Which results in the following output.

The moving average can be calculated by using a method **rolling(…)**.

data['MA10'] = data['Close'].rolling(10).mean()

Where **rolling(10).mean()** will take the last 10 entries (rows) and apply **mean() **on it. This calculates the simple moving average with period 10.

An exponential moving average can be calculated as follows.

data['EMA10'] = data['Close'].ewm(span=10, adjust=False).mean()

This can be visualized as follows.

fig, ax = plt.subplots() data[['MA10', 'EMA10']].loc['2020-12-01':].plot(ax=ax) data['Close'].loc['2020-12-01':].plot(ax=ax, alpha=0.25)

Resulting in the following.

## Lesson 7: Calculate MACD and Stochastic Oscillator

In the last lesson we learned how to calculate the volatility of a stock. Also, the Simple Moving Average (MA) and Exponential Moving Average (EMA).

### In this lesson you will learn

In this lesson we will calculate and visualize the MACD and the Stochastic Oscillator.

*(for an interactive version use the Download the Notebook link at the top of page)*.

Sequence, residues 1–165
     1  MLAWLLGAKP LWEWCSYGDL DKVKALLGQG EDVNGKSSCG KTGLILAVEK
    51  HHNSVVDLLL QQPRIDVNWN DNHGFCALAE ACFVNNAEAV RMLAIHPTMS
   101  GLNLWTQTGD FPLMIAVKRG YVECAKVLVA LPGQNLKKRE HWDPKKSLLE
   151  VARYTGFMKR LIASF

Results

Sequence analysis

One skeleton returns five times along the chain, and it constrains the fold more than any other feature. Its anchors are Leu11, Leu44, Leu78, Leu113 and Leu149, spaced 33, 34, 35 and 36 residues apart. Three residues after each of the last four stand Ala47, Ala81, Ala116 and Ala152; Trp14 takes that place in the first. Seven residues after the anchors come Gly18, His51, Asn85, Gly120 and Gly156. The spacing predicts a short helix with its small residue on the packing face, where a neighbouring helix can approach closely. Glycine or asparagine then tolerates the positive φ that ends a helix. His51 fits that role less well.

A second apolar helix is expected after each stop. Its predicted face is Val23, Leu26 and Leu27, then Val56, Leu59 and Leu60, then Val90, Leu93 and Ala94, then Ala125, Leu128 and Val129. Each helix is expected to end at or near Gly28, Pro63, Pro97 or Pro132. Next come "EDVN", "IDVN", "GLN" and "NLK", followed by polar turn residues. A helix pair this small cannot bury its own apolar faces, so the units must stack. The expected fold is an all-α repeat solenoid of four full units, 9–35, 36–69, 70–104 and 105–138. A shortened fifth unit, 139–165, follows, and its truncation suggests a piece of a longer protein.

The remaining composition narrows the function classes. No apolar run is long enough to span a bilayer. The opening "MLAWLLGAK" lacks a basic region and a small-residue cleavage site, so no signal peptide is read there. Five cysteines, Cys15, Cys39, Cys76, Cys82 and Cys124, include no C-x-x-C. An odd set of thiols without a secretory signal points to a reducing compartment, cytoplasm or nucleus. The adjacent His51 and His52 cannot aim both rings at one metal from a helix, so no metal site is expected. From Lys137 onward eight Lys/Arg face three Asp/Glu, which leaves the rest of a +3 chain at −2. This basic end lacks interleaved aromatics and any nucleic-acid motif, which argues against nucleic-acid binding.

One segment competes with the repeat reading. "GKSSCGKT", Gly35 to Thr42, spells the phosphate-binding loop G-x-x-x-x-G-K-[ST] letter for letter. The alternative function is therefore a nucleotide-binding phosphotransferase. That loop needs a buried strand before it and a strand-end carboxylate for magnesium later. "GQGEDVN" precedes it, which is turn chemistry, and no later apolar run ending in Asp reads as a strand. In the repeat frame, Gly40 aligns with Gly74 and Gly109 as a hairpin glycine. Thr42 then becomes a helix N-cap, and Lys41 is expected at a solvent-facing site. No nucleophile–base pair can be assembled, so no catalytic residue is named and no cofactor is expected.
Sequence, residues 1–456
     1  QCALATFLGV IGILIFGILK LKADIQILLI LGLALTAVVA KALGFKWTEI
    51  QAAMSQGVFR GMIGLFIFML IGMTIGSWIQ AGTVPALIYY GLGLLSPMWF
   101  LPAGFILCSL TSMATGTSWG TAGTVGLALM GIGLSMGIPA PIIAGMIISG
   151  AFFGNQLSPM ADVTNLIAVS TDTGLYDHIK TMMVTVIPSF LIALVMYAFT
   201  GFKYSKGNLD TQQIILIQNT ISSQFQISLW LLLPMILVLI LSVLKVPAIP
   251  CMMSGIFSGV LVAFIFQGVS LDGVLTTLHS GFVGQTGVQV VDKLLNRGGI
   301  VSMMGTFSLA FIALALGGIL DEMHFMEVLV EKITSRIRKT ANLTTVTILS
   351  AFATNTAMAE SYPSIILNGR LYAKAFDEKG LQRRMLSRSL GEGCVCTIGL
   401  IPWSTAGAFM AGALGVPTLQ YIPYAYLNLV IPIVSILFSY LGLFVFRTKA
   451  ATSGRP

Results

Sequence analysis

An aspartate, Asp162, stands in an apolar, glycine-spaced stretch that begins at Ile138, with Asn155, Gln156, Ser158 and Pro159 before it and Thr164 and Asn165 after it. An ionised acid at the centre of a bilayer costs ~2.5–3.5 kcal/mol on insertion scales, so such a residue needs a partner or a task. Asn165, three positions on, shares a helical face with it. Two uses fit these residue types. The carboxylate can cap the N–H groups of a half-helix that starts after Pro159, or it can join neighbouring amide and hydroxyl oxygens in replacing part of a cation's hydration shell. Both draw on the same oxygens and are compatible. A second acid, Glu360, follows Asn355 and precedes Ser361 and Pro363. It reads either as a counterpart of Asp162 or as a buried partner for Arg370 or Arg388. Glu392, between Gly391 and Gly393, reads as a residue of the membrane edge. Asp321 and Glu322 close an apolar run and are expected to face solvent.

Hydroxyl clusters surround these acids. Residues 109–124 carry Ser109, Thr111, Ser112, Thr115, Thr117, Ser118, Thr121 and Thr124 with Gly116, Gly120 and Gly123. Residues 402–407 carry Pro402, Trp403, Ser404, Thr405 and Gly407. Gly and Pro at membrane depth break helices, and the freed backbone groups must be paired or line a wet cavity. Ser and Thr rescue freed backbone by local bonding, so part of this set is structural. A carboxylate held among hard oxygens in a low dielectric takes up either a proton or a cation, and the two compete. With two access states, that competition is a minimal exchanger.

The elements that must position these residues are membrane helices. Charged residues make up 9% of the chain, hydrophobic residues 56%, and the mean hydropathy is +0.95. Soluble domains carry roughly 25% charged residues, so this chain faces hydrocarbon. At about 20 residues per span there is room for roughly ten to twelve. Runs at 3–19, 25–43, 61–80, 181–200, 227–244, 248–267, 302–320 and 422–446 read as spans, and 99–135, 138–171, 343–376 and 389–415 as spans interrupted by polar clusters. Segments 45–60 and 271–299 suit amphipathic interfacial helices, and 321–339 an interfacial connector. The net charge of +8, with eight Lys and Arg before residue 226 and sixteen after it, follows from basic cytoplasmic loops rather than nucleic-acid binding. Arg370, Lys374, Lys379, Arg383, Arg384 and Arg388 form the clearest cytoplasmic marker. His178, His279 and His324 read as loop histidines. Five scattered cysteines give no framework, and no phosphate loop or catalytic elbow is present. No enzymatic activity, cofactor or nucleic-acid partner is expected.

### Lesson 7

Let’s get started.

import pandas as pd import matplotlib.pyplot as plt %matplotlib notebook data = pd.read_csv("AAPL.csv", index_col=0, parse_dates=True)

First we want to calcite the **MACD**.

The calculation (12-26-9 MACD (default)) is defined as follows.

- MACD=12-Period EMA − 26-Period EMA
- Singal line 9-Perioed EMA of MACD

Where EMA is the Exponential Moving Average we learned about in the last lesson.

exp1 = data['Close'].ewm(span=12, adjust=False).mean() exp2 = data['Close'].ewm(span=26, adjust=False).mean() data['MACD'] = exp1 - exp2 data['Signal line'] = data['MACD'].ewm(span=9, adjust=False).mean()

Now that was simple, right?

We are basically applying what we already learned.

To visualize it you can use the following with **Matplotlib**.

fig, ax = plt.subplots() data[['MACD', 'Signal line']].plot(ax=ax) data['Close'].plot(ax=ax, alpha=0.25, secondary_y=True)

Resulting in an output similar to this one.

The **Stochastic Oscillator** is defined as follows.

**14-high**: Maximum of last 14 trading days**14-low**: Minimum of last 14 trading days**%K**:**(Last Close – 14-low)*100 / (14-high – 14-low)****%D**: Simple Moving Average of**%K**

That can be done as follows.